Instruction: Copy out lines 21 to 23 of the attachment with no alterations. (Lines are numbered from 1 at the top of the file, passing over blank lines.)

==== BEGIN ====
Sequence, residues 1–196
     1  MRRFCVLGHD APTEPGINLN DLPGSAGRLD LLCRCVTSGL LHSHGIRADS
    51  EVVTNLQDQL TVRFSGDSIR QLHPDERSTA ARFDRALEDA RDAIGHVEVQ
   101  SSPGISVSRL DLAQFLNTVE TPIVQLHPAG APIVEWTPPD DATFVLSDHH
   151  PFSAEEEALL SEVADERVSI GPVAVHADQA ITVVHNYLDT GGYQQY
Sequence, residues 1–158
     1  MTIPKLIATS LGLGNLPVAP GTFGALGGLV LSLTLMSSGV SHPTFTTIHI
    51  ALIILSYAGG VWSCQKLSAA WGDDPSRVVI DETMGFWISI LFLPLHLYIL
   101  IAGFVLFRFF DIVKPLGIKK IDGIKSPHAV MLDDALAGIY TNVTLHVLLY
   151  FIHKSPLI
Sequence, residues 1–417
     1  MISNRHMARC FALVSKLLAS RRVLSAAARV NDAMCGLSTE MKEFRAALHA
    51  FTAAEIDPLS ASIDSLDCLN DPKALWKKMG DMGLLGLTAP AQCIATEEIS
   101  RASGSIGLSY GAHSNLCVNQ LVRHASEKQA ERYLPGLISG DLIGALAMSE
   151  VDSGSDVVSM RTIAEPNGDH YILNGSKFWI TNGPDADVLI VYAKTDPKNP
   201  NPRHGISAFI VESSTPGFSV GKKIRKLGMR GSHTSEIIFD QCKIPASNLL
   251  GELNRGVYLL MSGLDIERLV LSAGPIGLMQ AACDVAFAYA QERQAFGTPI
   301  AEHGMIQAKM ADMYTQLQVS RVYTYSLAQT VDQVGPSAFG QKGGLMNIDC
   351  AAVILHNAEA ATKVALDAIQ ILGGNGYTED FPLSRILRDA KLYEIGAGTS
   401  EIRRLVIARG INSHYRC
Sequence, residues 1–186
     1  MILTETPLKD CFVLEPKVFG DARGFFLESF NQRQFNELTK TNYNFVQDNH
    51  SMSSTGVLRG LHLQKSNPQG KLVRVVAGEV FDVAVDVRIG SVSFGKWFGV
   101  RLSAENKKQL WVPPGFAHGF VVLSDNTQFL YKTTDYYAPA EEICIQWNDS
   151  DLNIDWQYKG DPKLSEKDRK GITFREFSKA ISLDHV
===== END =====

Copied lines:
Sequence, residues 1–186
     1  MILTETPLKD CFVLEPKVFG DARGFFLESF NQRQFNELTK TNYNFVQDNH
    51  SMSSTGVLRG LHLQKSNPQG KLVRVVAGEV FDVAVDVRIG SVSFGKWFGV